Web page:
SAN JOSE, Calif. -- Fabless ASIC house eSilicon Corp. has entered into a definitive agreement to acquire Silicon Design Solutions (SDS), a supplier of niche semiconductor memory intellectual property (IP) cores.
With acquisition of SDS (Mipitas, Calif.), eSilicon (Sunnyvale, Calif.) plans to expand its customer base and potential for design wins.
"The acquisition of SDS will provide new revenue opportunities for eSilicon, supporting our growth plans, while bringing expanded design and operations engineering support to our customers," said Jack Harding, chairman, president and CEO of eSilicon, in a statement.
"Over the past several years, we have established a loyal top-tier customer base by leveraging our talented engineering group and specialized memory IP not available from other suppliers," said Duytan Tran, SDS president and CEO.
The transaction is subject to customary closing conditions, and eSilicon expects the transaction to close in May 2010.
Several years ago, the company also bought Sweden's SwitchCore AB, a provider of Ethernet switching chips.
Founded in 2000, eSilicon emerged and brought a new concept to the market: the fabless ASIC model. Prior to 2000, companies that didn't have their own fabs had two choices for the development of ASICs. Companies could work with a traditional ASIC supplier that owned a fab or they could develop a circuit by themselves.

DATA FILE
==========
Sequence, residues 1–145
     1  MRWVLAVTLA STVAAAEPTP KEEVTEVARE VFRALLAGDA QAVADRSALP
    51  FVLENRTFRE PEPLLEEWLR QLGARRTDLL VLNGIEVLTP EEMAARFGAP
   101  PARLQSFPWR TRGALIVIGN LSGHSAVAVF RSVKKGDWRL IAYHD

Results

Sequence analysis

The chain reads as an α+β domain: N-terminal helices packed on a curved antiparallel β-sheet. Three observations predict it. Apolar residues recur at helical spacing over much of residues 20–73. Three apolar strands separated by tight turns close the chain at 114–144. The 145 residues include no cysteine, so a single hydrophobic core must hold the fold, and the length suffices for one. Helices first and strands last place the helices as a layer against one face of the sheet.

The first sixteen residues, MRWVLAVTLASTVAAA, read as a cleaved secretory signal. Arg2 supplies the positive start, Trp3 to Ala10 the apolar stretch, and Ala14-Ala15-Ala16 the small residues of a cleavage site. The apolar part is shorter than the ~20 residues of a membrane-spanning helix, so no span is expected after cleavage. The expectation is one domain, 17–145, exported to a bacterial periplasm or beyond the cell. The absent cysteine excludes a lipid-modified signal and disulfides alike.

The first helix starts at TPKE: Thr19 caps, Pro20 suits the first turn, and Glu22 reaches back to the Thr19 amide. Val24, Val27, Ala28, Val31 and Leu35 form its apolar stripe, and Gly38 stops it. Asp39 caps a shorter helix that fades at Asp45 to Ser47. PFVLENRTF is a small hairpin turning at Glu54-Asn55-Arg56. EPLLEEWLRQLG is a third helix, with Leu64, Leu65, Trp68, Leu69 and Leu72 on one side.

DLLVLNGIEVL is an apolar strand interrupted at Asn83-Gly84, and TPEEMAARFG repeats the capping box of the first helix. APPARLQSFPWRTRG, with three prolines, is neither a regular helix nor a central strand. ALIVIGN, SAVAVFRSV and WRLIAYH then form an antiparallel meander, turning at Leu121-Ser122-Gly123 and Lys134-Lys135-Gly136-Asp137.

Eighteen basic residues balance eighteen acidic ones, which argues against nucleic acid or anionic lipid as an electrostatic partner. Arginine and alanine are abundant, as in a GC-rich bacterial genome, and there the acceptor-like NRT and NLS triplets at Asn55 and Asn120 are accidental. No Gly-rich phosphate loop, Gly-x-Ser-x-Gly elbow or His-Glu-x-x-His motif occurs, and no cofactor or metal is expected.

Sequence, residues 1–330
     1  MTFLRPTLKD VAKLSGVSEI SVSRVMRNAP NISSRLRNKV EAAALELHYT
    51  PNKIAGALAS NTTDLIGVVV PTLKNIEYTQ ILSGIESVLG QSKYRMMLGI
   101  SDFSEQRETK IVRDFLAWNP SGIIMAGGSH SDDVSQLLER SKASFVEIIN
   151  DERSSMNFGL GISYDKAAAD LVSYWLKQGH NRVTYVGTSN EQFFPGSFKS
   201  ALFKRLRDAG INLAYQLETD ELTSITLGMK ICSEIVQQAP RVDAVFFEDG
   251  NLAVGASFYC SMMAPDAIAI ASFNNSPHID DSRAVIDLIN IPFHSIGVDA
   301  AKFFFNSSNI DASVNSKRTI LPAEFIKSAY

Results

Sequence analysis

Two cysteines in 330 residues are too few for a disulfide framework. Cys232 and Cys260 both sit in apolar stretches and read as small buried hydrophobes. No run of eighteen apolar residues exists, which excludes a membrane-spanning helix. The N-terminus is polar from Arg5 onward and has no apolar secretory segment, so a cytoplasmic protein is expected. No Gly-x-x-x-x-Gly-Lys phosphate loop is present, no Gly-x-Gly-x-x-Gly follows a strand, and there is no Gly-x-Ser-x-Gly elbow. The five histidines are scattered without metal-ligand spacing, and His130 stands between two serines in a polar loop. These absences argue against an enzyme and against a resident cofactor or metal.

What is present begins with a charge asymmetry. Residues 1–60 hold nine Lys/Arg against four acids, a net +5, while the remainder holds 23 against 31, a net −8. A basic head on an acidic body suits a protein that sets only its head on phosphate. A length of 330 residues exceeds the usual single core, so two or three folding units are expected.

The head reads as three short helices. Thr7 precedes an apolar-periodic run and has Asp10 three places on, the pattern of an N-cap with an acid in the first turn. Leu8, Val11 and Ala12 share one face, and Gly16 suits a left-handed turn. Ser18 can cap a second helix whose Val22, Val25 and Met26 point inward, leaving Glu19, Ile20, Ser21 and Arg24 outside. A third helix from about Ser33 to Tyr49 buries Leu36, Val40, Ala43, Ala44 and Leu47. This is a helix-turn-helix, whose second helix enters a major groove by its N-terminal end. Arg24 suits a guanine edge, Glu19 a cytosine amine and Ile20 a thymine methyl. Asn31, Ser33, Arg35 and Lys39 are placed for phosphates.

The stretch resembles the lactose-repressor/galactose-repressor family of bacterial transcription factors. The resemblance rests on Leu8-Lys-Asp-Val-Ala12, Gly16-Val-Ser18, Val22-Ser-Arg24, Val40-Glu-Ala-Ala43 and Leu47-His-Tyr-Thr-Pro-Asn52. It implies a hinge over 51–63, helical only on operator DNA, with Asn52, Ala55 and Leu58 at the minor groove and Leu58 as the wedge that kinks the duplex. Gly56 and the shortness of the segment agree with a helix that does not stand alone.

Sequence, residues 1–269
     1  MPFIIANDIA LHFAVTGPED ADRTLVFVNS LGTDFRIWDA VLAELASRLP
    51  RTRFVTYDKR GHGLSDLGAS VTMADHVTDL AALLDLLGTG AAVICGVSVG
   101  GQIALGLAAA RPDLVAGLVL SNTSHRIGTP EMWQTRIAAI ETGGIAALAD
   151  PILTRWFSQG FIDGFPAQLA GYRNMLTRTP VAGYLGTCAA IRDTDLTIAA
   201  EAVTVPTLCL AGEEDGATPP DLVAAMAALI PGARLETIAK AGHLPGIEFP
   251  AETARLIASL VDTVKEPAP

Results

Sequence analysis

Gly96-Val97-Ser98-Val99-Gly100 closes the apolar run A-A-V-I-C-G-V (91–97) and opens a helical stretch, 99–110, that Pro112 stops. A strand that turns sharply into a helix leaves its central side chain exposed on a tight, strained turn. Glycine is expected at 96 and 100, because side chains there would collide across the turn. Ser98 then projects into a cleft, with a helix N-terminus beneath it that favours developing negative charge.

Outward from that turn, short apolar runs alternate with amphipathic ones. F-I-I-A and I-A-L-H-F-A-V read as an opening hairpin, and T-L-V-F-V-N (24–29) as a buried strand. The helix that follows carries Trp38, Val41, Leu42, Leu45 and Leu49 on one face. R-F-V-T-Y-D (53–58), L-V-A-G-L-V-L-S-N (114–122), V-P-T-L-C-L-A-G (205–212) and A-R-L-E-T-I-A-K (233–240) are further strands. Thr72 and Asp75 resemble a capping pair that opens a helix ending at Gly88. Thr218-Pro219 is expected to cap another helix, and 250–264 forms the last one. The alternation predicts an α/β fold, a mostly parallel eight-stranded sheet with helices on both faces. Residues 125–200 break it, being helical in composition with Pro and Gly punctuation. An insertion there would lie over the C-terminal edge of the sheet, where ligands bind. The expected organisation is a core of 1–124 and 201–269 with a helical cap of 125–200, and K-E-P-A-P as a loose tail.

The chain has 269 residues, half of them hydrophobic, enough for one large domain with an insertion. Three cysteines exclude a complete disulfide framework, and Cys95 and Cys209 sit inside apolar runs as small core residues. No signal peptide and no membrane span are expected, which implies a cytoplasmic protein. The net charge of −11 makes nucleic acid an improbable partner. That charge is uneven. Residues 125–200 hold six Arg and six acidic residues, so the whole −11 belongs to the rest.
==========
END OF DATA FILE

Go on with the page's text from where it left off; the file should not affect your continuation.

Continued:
Fabless ASIC houses offered a third alternative. They can help customers bring their ASICs to the market by providing a range of third-party services. Fabless ASIC houses also claim they can develop or manage an ASIC project at a less expensive rate than if customers did it themselves.
ESilicon now calls itself a ''value chain producer.'' A value chain producer (VCP) is a company that collaborates with foundries, IP and service providers, EDA suppliers, package, assembly and test operations in designing and producing chips for fabless IC, IDM and OEM companies.
A VCP earns revenue by shipping packaged, tested products with the customers' logo. The term was created by eSilicon and was adopted by the Global Semiconductor Alliance (GSA) as a new category in October 2009.